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An unexpected spin off the statistics about dementia

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I remember sitting with colleagues where I worked at Help the Aged (before it merged with Age Concern) eight or nine years ago. We were talking about the charity's future and discussing which issue, pertinent to our ageing society, might provide a focus for the charity if it had to focus on one topic. We picked 'dementia', knowing it affects more than 800,000 people in the UK, that many live people with undiagnosed disease and that there is no treatment or cure. Much shaking of heads. The public might put dementia in the 'too difficult' box. Like many disabilities associated with ageing and the discrimination against older people that existed then and exists today, we worried that it might be hard to fundraise for something that 'just happens to older people' and which had no cure.

In many ways, we were proved wrong. Since then, the situation has changed and voluntary organisations including the Joseph Rowntree Foundation, the Alzheimer Society, SCIE, the Mental Health Trust, the Department of Health and many others have worked to change public perceptions about dementia and to highlight how people can live and live well with dementia. Through organisations like DEEP, people with the dementia are consulted and their views influencing with policy and practice and in some areas of the country, communities are trying to galvanise local support for people dementia and their families. Dementia has made it on to the political and social map. Who could have predicted that Cabinet members would agree to become Dementia Champions, a triumph that was reported at a recent Dementia Action Alliance meeting?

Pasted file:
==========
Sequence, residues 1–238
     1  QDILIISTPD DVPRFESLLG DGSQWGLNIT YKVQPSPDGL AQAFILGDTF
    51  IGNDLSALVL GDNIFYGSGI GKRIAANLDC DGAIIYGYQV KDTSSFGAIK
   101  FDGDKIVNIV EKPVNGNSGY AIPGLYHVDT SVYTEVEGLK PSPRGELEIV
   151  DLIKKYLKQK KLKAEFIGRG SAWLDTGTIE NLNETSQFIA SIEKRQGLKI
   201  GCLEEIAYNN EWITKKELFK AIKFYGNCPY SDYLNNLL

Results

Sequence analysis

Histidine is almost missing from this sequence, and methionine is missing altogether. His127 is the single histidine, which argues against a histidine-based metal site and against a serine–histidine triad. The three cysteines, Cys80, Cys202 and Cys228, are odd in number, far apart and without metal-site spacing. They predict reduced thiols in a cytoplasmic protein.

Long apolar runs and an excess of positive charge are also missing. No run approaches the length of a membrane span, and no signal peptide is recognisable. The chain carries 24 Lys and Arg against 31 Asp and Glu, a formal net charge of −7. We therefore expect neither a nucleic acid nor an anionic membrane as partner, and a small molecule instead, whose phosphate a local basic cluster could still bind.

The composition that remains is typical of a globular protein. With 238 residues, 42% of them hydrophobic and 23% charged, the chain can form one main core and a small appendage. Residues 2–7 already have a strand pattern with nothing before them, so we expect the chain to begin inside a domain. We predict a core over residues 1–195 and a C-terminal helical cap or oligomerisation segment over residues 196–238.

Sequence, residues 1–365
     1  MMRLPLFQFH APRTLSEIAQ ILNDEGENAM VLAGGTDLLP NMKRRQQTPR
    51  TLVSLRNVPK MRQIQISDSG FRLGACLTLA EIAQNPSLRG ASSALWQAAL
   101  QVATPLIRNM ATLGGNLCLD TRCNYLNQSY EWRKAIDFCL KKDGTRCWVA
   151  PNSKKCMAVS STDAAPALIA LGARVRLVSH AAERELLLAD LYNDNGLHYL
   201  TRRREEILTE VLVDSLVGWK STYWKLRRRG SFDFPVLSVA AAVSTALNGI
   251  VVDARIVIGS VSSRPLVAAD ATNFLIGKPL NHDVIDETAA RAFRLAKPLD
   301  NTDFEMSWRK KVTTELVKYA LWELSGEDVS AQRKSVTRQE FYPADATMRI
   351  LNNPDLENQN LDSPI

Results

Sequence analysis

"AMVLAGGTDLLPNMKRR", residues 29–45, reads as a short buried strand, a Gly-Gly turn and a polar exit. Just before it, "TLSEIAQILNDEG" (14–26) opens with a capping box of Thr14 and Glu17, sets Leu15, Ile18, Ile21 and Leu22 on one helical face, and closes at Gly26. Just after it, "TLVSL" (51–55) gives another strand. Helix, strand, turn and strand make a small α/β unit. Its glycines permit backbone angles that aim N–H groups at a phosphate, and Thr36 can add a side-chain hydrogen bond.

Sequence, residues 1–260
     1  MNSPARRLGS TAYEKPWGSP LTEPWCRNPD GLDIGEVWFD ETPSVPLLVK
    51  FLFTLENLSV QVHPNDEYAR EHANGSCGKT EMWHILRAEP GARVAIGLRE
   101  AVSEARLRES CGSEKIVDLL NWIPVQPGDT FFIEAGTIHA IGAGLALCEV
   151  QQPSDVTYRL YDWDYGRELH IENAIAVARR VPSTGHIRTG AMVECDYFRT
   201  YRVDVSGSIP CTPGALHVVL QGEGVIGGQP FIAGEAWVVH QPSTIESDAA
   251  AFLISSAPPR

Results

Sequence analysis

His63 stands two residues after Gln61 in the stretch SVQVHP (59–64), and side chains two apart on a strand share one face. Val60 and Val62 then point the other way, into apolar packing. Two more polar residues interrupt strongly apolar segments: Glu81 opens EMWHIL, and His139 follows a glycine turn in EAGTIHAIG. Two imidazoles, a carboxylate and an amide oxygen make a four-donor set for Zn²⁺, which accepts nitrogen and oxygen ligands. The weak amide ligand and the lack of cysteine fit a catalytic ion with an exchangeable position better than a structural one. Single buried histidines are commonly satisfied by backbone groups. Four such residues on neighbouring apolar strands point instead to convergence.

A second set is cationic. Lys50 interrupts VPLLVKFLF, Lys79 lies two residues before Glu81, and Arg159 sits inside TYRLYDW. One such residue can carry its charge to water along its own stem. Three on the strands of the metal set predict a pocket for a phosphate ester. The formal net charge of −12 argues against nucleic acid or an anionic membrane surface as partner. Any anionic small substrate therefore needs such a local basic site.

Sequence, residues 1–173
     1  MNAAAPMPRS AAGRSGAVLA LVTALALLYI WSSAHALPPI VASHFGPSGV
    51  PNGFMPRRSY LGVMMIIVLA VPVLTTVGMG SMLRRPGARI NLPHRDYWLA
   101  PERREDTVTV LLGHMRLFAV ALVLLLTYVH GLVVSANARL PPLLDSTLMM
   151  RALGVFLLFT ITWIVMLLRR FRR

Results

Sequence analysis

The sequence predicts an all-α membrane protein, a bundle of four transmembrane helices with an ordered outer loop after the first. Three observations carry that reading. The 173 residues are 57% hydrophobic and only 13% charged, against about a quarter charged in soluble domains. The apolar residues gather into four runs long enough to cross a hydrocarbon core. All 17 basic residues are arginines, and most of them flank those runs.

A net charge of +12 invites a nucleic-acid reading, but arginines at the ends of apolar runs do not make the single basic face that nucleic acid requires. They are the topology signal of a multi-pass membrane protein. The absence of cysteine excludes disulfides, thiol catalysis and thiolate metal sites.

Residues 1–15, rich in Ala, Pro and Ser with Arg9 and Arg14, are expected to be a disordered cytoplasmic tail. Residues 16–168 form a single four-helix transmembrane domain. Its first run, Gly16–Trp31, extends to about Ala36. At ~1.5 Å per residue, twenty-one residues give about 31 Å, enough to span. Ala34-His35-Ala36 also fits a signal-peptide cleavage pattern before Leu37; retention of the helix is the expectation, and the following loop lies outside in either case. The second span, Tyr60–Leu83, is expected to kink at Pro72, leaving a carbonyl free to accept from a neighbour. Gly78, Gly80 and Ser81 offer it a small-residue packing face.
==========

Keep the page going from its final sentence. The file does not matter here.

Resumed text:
But would male-dominated fields such as politics, science and medicine have been quite so interested if it had been highlighted early on that it is women who are disproportionately affected by dementia? Would knowing that two out of every three people with the disease are women and that more family carers for people with dementia are women have made these male-dominated professions less determined to focus on dementia?

There's an election coming up. Will those keen for election target female voters by saying that they will fight for more dementia research and services, recognising the disease has a greater impact on women than men?

Congratulations to the Joseph Rowntree Foundation for funding the 'women and dementia' project. Many women and men applaud the start of this important work and hope it will continue to secure funding. Sometimes may wonder why it's taken us all so long to acknowledge the link between dementia and women. But has it, in some odd way, worked to our advantage?

Pamela Holmes. Practice Development Manager, the Social Care Institute for Excellence - www.scie.org.uk

Written 2015-01-06

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